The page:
Negative Income Tax: A Solution for Watauga’s Poverty

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Caleb Garbuio, Opinion Editor

During the 2020 Democratic Primaries, many media outlets heavily featured Andrew Yang’s proposal to end American poverty called the “Freedom Dividend.” Yang’s policy is a form of universal basic income that guarantees all Americans $1,000 a month.

Within his website, Yang falsely equated Nobel Prize-winning economist Milton Friedman’s negative income tax with UBI. The difference between UBI and Friedman’s negative income tax is that UBI is given to everyone, while negative income taxes supplement income for people.

In his 1962 book, “Capitalism and Freedom,” Milton Friedman proposed a negative income tax to address issues with American welfare programs. Friedman contended that welfare programs, such as the Supplemental Nutrition Assistance Program, causes more harm than good. SNAP provides people living below the federal poverty line with food through an electronic benefit transfer card. This means that should individuals earn more income they will receive less SNAP benefits.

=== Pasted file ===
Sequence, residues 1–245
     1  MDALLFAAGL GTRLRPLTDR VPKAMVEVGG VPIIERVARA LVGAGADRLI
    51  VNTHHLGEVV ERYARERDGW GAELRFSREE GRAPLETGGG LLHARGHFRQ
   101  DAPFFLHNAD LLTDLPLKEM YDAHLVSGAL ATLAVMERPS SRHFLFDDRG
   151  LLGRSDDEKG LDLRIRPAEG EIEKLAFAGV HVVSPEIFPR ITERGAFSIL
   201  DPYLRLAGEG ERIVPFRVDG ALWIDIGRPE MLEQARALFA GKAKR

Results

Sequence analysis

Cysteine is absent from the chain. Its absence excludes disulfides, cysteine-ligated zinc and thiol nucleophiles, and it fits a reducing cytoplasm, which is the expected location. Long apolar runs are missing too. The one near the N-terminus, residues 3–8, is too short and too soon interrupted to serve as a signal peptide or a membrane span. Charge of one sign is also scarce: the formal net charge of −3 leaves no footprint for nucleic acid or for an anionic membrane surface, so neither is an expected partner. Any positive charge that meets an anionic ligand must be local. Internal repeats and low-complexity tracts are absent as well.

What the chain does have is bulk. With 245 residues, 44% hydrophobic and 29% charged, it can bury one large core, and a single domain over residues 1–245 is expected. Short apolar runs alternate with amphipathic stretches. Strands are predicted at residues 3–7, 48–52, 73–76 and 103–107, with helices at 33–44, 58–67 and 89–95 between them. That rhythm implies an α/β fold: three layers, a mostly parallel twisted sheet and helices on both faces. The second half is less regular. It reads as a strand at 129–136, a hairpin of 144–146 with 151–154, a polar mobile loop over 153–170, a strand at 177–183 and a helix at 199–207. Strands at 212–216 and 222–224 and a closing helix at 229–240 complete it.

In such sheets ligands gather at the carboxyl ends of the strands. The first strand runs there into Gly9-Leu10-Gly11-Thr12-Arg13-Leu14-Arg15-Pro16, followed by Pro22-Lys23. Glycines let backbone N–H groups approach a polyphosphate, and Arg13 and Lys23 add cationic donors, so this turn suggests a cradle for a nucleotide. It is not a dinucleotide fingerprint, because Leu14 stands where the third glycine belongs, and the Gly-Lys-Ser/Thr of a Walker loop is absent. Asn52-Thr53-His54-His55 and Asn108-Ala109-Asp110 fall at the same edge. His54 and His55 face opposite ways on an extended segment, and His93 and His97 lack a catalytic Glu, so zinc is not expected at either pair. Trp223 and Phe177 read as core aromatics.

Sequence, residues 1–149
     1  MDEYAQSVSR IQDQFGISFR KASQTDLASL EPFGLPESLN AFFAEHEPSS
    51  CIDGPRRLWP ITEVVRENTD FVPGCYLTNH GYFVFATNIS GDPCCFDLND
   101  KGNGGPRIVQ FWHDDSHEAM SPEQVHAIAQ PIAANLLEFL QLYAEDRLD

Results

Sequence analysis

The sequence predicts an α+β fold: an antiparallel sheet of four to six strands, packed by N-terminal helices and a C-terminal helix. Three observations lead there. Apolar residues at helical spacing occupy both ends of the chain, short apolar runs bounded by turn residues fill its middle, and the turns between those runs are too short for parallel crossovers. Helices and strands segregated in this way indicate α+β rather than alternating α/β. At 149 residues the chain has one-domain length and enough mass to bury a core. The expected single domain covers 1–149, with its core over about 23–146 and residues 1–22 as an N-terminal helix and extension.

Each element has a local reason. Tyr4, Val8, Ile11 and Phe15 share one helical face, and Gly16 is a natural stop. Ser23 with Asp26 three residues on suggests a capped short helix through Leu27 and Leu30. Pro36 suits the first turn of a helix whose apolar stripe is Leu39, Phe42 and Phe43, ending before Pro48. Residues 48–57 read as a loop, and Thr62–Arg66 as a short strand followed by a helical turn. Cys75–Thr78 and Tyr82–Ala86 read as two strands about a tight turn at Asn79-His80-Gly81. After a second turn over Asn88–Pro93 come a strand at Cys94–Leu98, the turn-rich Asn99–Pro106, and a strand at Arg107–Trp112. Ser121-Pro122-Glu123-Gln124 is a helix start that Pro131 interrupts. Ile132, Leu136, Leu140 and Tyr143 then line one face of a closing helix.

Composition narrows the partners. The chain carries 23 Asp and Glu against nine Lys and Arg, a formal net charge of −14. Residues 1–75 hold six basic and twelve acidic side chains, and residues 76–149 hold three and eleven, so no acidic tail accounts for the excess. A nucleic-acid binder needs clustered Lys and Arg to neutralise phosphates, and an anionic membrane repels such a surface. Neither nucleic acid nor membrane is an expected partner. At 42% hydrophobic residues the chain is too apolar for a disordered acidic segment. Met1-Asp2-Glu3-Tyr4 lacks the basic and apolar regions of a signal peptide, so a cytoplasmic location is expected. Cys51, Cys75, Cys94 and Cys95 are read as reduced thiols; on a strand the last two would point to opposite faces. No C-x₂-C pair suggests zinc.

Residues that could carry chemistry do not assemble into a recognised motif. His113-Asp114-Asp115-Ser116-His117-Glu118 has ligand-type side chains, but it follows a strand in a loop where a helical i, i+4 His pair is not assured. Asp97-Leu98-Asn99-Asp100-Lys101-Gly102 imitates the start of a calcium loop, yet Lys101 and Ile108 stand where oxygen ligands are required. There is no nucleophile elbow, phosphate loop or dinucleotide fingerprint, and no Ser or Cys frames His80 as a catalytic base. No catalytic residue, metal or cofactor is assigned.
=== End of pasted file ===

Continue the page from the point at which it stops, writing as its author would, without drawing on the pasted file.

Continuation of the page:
Despite SNAP’s good intentions, the policy may lead people to become dependent on the system. The Congressional Budget Office found that workers who increase their income will lose benefits that will offset financial gains. The report found that increasing income may lead some to face over a 40% implicit marginal tax rate, causing $40 loss in benefits for every $100 earned, making it costlier for people to improve their livelihoods.

By contrast, negative income taxes supplement people’s income proportionately to the income earned by an individual. For example, if the cutoff rate is $30,000, and the negative income tax rate is 50%, then someone earning $15,000 receives $7,500 additional income. More importantly, this tax benefit allows poorer people to spend their money freely.

Despite Watauga County’s per capita income being above the federal poverty line at $24,635, just over 21.2% of Wataugans live below the federal poverty line, according to the U.S. Census in 2019. At least 11,860 individuals rely on the government to make ends meet in Watauga County. 

Keeping local residents reliant on welfare is unacceptable for a state whose slogan is “first in freedom.” Negative income taxes give people freedom from government interference and allows them to spend supplemental income freely.